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Torque question.

  1. Feb 20, 2010 #1
    I am working on a vehicle simulation and I have calculated the torque to the wheel using engine RPM and the corresponding amount of HP. Then I multiplied that torque by the gear ratios but I do not understand how at a higher gear the ratio is smaller but it is suppose to go faster than the torque provided at a lower gear. I think it has something to do with MOI and the AA but I do not get it please help. Also how does cruse control work if you set your engine to 3000 RPM's and the same amount of torque is being applied to the wheel wouldn't you continue to accelerate?
     
  2. jcsd
  3. Feb 21, 2010 #2
    The power in the drive train at any given moment is the same. The power leaving the engine and going into the gearbox will be the same power that leaves the gearbox (ignore losses in the gearbox), and goes into the drive shaft, but because the speed is changed the torque must change,(power is proportional to torque times speed) same thing happens through the diff.
    I think that you are slightly confused about power speed curves for a engine the power quoted at a certain speed is the maximum power, you can run at that speed at a lower power without any problem.
     
  4. Feb 21, 2010 #3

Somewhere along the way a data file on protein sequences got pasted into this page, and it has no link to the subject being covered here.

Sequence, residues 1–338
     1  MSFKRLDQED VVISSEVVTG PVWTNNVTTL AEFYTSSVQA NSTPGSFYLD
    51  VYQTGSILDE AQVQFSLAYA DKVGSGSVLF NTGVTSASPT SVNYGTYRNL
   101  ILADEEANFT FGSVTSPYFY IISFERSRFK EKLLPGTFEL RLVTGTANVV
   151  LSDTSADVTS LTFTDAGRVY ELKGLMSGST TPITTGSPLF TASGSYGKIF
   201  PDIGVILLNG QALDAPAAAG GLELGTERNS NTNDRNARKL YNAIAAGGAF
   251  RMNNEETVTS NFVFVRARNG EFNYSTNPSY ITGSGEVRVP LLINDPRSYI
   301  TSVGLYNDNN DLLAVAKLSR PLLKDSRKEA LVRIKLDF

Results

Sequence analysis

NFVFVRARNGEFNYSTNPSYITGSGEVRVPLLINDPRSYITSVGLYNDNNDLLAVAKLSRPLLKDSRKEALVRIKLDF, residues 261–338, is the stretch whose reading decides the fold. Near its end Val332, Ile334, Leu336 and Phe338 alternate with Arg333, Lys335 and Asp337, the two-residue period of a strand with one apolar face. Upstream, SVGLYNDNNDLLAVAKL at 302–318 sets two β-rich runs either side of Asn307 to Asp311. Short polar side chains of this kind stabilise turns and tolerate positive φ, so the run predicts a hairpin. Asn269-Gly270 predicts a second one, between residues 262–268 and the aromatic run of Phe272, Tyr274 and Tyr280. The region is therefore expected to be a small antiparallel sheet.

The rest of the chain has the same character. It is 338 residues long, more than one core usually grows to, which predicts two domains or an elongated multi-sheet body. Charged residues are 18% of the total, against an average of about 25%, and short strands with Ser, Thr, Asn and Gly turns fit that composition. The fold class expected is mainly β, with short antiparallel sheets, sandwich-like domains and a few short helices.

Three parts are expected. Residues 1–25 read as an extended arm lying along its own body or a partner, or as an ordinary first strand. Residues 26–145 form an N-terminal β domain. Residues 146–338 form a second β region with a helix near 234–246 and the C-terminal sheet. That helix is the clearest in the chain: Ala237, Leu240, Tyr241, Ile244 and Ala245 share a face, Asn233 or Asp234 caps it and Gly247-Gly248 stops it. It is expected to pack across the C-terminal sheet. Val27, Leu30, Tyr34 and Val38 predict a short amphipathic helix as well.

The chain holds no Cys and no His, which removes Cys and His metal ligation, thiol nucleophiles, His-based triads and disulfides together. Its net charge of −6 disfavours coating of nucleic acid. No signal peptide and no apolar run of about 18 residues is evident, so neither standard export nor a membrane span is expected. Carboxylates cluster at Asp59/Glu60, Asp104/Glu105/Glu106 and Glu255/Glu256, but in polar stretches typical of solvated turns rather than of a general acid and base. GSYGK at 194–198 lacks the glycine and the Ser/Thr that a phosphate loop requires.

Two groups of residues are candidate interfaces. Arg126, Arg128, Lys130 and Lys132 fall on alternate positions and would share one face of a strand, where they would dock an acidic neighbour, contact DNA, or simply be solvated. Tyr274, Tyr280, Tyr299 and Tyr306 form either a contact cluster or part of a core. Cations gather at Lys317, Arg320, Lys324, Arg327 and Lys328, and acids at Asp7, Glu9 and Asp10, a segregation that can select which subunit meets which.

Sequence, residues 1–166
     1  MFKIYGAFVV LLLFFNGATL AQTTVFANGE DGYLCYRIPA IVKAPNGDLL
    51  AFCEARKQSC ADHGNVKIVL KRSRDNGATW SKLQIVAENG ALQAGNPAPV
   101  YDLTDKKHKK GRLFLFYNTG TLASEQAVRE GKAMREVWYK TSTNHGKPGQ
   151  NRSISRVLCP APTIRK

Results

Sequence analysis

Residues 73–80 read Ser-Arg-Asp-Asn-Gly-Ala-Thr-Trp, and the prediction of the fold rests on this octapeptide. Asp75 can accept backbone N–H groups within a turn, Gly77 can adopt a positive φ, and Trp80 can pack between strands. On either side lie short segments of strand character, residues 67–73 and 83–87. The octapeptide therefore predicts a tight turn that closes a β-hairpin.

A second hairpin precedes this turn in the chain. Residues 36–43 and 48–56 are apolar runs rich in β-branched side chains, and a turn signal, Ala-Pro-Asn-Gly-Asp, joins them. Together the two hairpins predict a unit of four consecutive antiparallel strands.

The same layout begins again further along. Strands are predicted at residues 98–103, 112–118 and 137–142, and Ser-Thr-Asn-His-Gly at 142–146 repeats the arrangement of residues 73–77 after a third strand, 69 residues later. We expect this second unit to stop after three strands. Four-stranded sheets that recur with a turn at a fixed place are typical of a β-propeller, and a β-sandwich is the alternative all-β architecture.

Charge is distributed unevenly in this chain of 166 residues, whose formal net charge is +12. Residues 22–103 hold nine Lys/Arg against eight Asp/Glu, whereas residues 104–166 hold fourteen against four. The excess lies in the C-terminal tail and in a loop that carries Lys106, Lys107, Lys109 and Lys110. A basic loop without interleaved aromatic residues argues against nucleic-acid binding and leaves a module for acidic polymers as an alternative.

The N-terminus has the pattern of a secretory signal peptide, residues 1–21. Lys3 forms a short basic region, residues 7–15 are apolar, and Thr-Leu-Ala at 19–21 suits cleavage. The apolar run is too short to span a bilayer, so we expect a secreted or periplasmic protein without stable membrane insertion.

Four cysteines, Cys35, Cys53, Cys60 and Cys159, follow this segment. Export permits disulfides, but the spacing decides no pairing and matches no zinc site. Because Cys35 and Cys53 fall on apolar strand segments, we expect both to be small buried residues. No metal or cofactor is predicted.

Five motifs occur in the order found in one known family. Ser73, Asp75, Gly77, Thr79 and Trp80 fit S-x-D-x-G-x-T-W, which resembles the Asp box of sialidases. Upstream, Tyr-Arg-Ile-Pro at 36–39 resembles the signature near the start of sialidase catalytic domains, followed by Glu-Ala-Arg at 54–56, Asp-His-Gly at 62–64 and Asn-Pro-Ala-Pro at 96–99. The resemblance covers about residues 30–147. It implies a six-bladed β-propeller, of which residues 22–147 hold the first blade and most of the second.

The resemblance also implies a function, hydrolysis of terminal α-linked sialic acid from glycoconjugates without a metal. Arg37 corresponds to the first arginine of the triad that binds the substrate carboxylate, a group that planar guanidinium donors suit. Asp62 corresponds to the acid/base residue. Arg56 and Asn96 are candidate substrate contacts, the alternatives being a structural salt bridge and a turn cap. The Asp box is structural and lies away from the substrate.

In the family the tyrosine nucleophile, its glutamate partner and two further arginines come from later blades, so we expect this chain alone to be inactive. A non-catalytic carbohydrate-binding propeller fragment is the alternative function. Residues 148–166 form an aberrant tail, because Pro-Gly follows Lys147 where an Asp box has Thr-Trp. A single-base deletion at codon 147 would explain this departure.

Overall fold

russ_watters

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    Staff: Mentor

    You've made one error and applied it twice. The power output of an engine is not always the same at a given RPM. It varies with throttle position. So applying that back into your first question, torque at the wheel need not be lower at higher rpm. It is if your foot is on the floor and the throttle wide-open, though. So what does that tell you? It tells you your acceleration is better at low speed partly because you are in a lower gear.
     
  5. Feb 22, 2010 #4
    Ok so i can be at 3000 RPM's with the throttle fully opened and the engine's power would be ~100 HP but if im at 3000 RPM's and the throttle only halfway open then the engine's power would be ~50 HP?
     
  6. Feb 22, 2010 #5
    I'm sure the relationship between throttle position and power isn't that linear, but yes, you can be at 3000 rpm and practically anywhere between 0-100 hp.
     
  7. Feb 22, 2010 #6
    Power (watts) = torque (Newton-meters) x 2π RPM/60

    HP = power (watts)/746

    An engine could generate 100 HP at 3,000 RPM, but to drive at say 35 MPH (15 meters per second), usually less than 10 HP (7,500 watts) is required.

    Bob S
     
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